“I probably know Howard Marks as well as I know anybody. He is a very smart man. You have to believe in the tooth fairy to believe [Bernie Madoff] was having those ﬁgures by the methods he claimed to use. You wouldn’t have gotten that one by Marks for 2 seconds." Charlie Munger
"I was fortunate to have one of my occasional lunches with Charlie Munger. As it ended and I got up to go, he said something about investing that I keep going back to: “It’s not supposed to be easy. Anyone who finds it easy is stupid.” Howard Marks
My 299th blog post "Lessons from Howard Marks’ New Book: “Mastering the Market Cycle – Getting the Odds on Your Side.” 25iq.com/2018/10/06/les… "You can prepare; you can’t predict." Howard Marks wanted the subtitle to be the book title since it is more accurate.
"There are two things I would never say when referring to the market: 'get out' and 'it’s time.' I’m not that smart, and I’m never that sure. The media like to hear people say 'get in' or 'get out,' but most of the time the correct action is somewhere in between." Howard Marks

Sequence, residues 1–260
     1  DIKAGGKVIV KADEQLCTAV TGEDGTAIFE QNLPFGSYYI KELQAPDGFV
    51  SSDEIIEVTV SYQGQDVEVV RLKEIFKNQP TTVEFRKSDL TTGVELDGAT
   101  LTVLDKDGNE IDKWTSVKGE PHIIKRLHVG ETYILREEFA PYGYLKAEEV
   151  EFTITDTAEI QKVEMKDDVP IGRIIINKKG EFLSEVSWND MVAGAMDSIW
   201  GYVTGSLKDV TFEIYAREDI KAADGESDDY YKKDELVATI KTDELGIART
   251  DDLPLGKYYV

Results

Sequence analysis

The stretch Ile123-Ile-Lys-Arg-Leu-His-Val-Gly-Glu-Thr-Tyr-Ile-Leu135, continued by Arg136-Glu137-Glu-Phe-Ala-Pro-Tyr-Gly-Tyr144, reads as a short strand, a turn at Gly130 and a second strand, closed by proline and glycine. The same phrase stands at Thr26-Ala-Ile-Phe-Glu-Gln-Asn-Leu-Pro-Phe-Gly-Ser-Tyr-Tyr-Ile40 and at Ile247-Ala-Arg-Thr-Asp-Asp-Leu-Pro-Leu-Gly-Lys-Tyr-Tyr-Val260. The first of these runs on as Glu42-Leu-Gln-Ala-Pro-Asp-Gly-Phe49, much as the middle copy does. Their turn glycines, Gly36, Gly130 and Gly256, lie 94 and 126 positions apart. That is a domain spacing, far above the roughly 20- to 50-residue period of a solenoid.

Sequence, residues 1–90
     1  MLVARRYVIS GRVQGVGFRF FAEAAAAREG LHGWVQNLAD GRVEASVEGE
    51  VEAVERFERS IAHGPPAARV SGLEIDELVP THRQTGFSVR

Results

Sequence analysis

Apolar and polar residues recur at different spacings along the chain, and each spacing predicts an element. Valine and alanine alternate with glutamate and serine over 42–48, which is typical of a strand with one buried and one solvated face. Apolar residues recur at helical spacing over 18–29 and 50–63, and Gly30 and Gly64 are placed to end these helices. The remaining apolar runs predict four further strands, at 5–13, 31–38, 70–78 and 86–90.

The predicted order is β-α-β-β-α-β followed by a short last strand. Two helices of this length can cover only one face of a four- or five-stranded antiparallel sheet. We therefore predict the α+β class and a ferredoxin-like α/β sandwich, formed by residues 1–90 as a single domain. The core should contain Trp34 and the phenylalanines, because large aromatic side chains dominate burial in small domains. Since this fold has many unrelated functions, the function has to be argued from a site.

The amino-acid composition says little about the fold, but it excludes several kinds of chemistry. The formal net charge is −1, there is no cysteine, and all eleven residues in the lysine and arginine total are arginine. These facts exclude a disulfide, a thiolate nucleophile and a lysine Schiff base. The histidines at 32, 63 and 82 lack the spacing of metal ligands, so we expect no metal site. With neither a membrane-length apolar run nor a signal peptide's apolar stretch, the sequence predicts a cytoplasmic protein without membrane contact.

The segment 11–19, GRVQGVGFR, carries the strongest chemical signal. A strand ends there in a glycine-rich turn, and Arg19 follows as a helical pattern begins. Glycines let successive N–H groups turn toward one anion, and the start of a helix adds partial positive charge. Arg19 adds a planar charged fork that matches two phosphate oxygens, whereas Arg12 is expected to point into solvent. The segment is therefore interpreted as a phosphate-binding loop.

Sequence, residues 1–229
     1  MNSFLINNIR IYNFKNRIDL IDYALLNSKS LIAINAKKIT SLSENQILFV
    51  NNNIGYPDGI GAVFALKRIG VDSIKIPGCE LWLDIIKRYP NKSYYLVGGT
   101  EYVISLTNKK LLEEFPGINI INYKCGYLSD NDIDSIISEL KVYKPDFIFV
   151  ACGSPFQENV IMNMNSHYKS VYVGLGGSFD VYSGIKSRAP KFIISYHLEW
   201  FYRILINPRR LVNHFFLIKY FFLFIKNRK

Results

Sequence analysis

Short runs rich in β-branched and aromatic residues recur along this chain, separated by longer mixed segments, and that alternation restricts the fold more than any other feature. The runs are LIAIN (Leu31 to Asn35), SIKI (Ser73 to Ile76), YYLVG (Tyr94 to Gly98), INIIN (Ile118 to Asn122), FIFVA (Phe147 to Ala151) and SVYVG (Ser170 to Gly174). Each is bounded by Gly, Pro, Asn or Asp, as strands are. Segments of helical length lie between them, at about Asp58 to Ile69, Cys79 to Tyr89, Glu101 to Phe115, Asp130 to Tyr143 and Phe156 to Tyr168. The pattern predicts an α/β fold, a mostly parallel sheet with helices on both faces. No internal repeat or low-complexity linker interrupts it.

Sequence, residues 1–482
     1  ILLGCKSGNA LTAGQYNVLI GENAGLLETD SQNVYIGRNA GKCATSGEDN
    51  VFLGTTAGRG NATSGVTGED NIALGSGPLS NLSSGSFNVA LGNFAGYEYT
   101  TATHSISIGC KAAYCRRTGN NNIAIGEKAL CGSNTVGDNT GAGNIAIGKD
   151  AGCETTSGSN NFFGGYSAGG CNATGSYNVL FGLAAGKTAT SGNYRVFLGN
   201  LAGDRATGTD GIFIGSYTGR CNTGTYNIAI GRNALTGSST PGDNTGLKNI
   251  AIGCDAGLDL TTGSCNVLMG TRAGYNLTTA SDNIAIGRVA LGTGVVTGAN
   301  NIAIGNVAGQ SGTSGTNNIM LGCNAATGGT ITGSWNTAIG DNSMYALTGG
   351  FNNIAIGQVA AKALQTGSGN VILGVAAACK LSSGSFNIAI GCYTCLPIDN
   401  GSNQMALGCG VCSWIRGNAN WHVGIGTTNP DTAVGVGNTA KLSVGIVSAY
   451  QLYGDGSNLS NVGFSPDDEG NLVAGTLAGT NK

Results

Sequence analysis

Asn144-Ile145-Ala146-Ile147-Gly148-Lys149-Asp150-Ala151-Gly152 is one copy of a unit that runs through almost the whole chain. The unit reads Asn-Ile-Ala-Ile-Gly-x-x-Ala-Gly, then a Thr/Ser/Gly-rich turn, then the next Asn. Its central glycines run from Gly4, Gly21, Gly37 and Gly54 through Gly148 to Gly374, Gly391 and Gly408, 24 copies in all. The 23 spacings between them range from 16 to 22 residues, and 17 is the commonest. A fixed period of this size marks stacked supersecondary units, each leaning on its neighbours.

"Investing is not black or white, in or out, risky or safe. The key word is “calibrate.” The amount you have invested, your allocation of capital.. and the riskiness of the things you own all should be calibrated along a continuum that runs from aggressive to defensive." H. Marks
"If you’re an equity investor, all the hectoring has probably left you frazzled, staring anxiously at fixed-income markets for early signs of the apocalypse." More like: "If you're an idiot investor..." bloomberg.com/news/articles/…
"Prophesies of doom are everywhere....worst two-day tumble since May." Two days!
If you want some actual intelligence listen to the Barry Ritholtz interview of Howard Marks. bloomberg.com/news/audio/201… or read 25IQ tomorrow. You decide.
In this Bloomberg interview with Howard Marks you learn his mantra continues to be, “move forward, but with caution," that the cycle is in the 8th innining but it could go beyond 9 innings, that he isn't a Fed watcher but anticipates interest rates going into the 3's, but not 4.
Jim Chanos: "Wall Street is a giant positive reinforcement machine. That’s why it exists." "If you are a short seller you are being told constantly that you are wrong. Not everyone has the ability to drown that out.” google.com/amp/s/25iq.com…
Jim Chanos: "The market won’t necessarily immediately see what you see and in fact often doesn’t. Fundamental short sellers are often early. You have to borrow the shares. The ability to effect a short position in reasonable size once everything is clear may not be given to you.”